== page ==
“The size allows them to leverage their buying power and ability to translate that into a consumer offer that is value based,” he said. “I think that is the biggest threat.”

The two largest and growing brick-and-mortar retail segments are currently convenience stores and dollar stores, so many operators are finding themselves competing for the same properties in certain areas, noted Collupy, sharing that a recent client of his firm cited dollar stores as a competitor because of the geography of its locations.

Two other areas where dollar stores are winning is with online ordering and weekly promotions, he pointed out. While some c-stores are offering online ordering and delivery for fresh food, Dollar Tree allows customers to order online and then if the item is available at a local store, they can pick it up there or have the item shipped.

“It’s a step the dollar store industry has taken that c-stores should take a look at — it’s exploding and continues to grow,” said Collupy. “It’s definitely an area to watch where dollar stores are ahead of the c-store industry.”

And in terms of promotional offers, dollar stores have weekly ads and promotions on merchandise, while the c-store industry is generally still centered on monthly or even longer promotion periods. While dollar stores’ scale likely allows them to do this, it’s another thing that c-stores need to look at for the future, he said.

Ryan additionally pointed out that consumers view dollar stores as a destination, rather than a place to stop for a few things on the way home or to fill up their fuel tank. There is more variety, and the stores offer the “treasure hunt” mentality, she observed.

“Dollar stores have perfected the treasure hunt. People may not be going in there for fresh food, but they may come up with lunch because they were shopping there,” she explained. “They keep enhancing the treasure hunt and people go in for fun. People don’t associate fun with c-stores.”

Putting Up a Defense

With dollar stores continuing to grow and move into new markets and product categories, what can convenience stores do to defend their turf?

It’s all about capitalizing on the strengths of both the industry and individual chains.

“I don’t think there is an industry that understands tobacco better than c-stores, and they are much further along with foodservice than dollar stores, which is a point of distinction,” Collupy said. “Also, in a recent dollar store walkthrough, I noticed the variety in the cooler was much lower than c-stores, so I think that is still a point of difference.”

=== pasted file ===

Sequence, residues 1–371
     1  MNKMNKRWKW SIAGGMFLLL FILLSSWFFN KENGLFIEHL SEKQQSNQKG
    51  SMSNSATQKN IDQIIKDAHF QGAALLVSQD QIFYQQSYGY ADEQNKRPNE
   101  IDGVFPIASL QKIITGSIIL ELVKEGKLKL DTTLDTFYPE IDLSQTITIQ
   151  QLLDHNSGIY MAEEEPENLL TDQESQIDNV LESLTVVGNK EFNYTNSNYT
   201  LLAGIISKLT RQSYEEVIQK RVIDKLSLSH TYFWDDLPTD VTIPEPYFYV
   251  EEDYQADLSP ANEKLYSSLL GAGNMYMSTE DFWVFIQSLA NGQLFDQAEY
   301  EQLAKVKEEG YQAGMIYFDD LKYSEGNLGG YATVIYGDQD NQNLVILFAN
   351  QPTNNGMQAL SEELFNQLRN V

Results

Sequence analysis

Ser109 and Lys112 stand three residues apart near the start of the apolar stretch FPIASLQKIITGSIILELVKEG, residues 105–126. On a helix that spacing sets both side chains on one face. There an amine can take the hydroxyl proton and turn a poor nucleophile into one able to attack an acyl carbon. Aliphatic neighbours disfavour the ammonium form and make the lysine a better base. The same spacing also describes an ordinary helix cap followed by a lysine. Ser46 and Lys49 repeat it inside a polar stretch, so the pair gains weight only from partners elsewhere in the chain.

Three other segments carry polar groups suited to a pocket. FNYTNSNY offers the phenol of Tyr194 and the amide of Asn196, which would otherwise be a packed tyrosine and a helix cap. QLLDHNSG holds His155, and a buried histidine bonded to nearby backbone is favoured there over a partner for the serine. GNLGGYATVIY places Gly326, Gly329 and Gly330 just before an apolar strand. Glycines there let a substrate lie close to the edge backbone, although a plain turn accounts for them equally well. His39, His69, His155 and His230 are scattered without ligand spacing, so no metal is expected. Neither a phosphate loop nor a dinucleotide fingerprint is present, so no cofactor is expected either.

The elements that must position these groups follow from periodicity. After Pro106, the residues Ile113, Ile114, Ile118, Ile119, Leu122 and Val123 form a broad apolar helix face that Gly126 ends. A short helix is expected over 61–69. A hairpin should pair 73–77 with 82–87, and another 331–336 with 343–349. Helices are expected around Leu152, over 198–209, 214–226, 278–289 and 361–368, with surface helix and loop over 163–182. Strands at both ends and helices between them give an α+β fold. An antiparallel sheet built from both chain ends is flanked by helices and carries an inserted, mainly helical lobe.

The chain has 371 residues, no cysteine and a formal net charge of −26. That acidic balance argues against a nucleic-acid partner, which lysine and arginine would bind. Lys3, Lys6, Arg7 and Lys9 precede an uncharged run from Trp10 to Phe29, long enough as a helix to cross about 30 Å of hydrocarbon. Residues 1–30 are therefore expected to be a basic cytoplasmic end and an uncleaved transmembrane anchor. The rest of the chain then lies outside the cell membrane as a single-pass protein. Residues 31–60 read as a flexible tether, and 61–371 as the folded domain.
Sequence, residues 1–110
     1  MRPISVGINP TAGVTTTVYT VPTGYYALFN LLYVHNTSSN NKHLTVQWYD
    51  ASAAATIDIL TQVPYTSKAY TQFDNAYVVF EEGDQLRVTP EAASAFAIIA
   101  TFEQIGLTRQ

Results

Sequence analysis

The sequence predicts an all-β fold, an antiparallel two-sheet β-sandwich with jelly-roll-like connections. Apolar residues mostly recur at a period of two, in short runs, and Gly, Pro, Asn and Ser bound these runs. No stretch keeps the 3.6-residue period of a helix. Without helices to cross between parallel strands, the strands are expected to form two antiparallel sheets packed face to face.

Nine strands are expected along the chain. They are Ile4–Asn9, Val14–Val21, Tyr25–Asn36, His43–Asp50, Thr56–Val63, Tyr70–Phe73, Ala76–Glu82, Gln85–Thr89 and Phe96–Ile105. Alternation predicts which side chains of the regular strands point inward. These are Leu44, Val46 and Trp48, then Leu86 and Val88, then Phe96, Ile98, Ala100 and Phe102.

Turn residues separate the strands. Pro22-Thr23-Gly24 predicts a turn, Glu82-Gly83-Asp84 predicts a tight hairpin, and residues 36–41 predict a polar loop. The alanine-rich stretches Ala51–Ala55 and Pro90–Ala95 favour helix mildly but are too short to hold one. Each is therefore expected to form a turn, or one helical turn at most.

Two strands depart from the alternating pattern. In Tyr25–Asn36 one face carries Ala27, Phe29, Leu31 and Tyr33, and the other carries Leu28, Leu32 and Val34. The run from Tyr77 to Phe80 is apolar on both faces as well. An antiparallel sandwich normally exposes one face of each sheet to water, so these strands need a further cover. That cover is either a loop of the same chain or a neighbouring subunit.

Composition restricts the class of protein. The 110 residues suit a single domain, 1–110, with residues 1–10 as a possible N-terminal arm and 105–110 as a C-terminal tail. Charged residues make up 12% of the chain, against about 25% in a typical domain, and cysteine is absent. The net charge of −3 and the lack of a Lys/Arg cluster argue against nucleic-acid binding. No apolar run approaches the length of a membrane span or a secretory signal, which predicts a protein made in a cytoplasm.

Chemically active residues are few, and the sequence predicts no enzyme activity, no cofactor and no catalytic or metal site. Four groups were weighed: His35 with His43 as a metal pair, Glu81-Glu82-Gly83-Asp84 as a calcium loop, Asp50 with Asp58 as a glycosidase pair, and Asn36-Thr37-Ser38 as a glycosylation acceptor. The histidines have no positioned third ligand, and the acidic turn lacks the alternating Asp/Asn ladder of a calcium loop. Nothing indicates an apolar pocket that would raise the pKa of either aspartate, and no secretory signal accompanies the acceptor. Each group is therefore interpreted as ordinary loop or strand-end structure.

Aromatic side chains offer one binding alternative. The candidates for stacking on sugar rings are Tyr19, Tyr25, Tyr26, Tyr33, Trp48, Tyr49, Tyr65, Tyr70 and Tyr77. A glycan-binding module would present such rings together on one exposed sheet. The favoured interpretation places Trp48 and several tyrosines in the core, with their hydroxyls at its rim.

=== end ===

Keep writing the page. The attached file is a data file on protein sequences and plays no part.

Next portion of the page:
Also, while dollar stores are bringing in fresh food, such as sandwiches, salads and produce, c-stores are still winning when it comes to made-to-order and hot food items. This is not something dollar stores are looking at yet, and if they do, they will have to go through the years of work that c-stores have already done to understand foodservice.

“Many c-stores already have established foodservice programs and already went through the growing pains, but dollar stores will still have to go through that,” said Collupy. “C-stores can capitalize on the experience they already have and look at what to do next so that dollar stores will have to continue to catch up.”

Daniels thinks it is unlikely dollar stores will enter the freshly prepared food arena. “Dollar stores are all about keeping costs low, so I can’t foresee them getting into fresh and made-to-order food,” he reasoned.

C-stores also have established coffee offerings — though DGX stores plan to add this option — so it’s important for convenience store operators to continue to refine and update their coffee programs to keep them fresh. Coffee has been an offering in the c-store industry for a long time and an area that would be easy for them to dominate, according to Collupy.

“Coffee should be capitalized on and if a chain has not refreshed its program, it’s probably time to look at that and take advantage of what they know, so again dollar stores will be in catch-up mode,” he said.